Protocols for all studies conducted in human volunteers in the United States or that would become part of the NDA have to be submitted to the FDA. Once an IND has been filed FDA assigns a number to the IND. Subsequent study protocols, study reports or sponsor's correspondences have to refer to the IND number.
Once the sponsor has submitted an IND to the FDA, FDA has 30 days to review the submitted protocol for human study. During this review, if there are any concerns about the safety of the subjects to be enrolled in the study, FDA would call the sponsor and place the protocol on clinical hold until the concerns identified by the FDA reviewers are satisfactorily addressed. The IND review process is shown schematically in Fig. 1.
*While sponsor answers any deficiencies
FIGURE 1 The IND review process, http://www.fda.gov/cder.
*While sponsor answers any deficiencies
FIGURE 1 The IND review process, http://www.fda.gov/cder.
There is keen interest on the part of the pharmaceutical companies to be involved in screening INDs (at the time of the initial IND submission) in which several drugs are screened at the same time and one of the compounds is identified for further development. Further details of this approach can be found in manual of policy and procedures (MAPP) on the FDA website .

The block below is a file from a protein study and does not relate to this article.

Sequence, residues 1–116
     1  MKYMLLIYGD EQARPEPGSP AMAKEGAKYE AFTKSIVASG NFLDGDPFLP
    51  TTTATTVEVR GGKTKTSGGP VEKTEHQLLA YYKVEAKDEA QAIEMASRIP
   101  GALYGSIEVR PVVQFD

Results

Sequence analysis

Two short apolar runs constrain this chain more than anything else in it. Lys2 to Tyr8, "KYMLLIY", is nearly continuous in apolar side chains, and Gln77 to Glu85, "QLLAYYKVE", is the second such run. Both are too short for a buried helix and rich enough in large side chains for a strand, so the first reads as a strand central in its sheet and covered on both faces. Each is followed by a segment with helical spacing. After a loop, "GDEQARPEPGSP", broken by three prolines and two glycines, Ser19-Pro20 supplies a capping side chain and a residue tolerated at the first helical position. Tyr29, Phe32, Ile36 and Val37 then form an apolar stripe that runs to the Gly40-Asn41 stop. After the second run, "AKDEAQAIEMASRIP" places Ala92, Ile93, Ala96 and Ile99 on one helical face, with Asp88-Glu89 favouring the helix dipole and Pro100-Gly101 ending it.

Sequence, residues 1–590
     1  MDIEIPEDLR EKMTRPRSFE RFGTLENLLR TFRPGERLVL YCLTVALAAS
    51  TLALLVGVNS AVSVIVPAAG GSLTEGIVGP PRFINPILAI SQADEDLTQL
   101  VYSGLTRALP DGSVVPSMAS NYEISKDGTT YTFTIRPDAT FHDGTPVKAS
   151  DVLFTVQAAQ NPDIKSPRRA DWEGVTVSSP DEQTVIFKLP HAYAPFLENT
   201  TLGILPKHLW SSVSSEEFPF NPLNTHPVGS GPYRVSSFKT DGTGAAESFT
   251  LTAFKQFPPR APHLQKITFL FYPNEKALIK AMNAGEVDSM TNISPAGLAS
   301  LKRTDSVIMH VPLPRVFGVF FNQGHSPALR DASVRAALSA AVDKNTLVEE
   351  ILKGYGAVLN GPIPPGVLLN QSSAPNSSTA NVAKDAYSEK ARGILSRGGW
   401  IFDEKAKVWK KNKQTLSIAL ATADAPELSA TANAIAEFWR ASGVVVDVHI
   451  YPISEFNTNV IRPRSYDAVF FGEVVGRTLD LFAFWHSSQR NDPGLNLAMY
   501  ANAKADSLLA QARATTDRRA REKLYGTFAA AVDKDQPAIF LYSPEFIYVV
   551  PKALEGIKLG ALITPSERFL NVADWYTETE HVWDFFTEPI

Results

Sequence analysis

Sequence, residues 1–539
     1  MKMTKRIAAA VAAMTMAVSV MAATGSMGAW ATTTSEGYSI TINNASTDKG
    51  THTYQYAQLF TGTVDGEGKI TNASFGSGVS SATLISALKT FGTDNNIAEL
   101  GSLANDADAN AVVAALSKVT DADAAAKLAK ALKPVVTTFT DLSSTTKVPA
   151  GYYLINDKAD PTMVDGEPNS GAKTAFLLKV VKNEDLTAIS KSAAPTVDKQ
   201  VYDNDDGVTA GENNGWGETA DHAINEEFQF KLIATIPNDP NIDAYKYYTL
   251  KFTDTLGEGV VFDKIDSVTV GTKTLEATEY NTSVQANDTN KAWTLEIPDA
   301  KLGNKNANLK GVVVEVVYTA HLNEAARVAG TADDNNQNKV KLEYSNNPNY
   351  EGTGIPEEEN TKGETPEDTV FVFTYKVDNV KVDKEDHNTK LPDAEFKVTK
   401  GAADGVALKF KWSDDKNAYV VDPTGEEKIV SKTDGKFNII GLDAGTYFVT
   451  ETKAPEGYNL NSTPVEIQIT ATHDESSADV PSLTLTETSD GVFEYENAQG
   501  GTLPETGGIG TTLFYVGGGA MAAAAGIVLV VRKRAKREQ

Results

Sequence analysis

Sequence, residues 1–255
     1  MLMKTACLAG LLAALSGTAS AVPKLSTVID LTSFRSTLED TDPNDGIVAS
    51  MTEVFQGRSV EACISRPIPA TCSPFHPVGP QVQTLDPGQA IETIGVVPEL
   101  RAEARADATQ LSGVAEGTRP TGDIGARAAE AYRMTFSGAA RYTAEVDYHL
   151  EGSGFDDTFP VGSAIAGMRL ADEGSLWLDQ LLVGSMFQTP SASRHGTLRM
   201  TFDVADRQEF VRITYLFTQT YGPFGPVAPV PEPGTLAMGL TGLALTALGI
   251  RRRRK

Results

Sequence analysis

The drug development stages are not rigid, that is, several phases of early drug development (traditionally called Phase 1 and 2 studies) are generally on going simultaneously. Typically, Phase 1 studies are in healthy volunteers, Phase 2 are studies in small numbers of patients, and Phase 3 are larger clinical trials with adequate number of subjects to determine safety and efficacy of the drug. Phase 1 studies typically include studies related to formulation development, assessment of metabolic pathways, assessment of effects of extrinsic and intrinsic factors such as age, gender, disease, other drugs and food, and assessment of PK—PD. Phase 2 studies are typically dose-ranging and proof of concept studies in a small number of patients who comprise the target population (traditionally called Phase 2A). Assessment of PK-PD is also performed in these studies to help provide an understanding of the doses and dose regimens to be further studied. These studies provide the sponsor as well as the regulatory agencies with the type of knowledge about the drug that is needed to design appropriate confirmatory or definitive large clinical trials in the target patient population (traditionally known as Phase 3 trials). Generally, the FDA needs two positive adequately well controlled Phase 3 trials that support the safety and efficacy of the drug in the target population prior to approval for marketing in the U.S. The overall drug development stages are shown schematically in Fig. 2.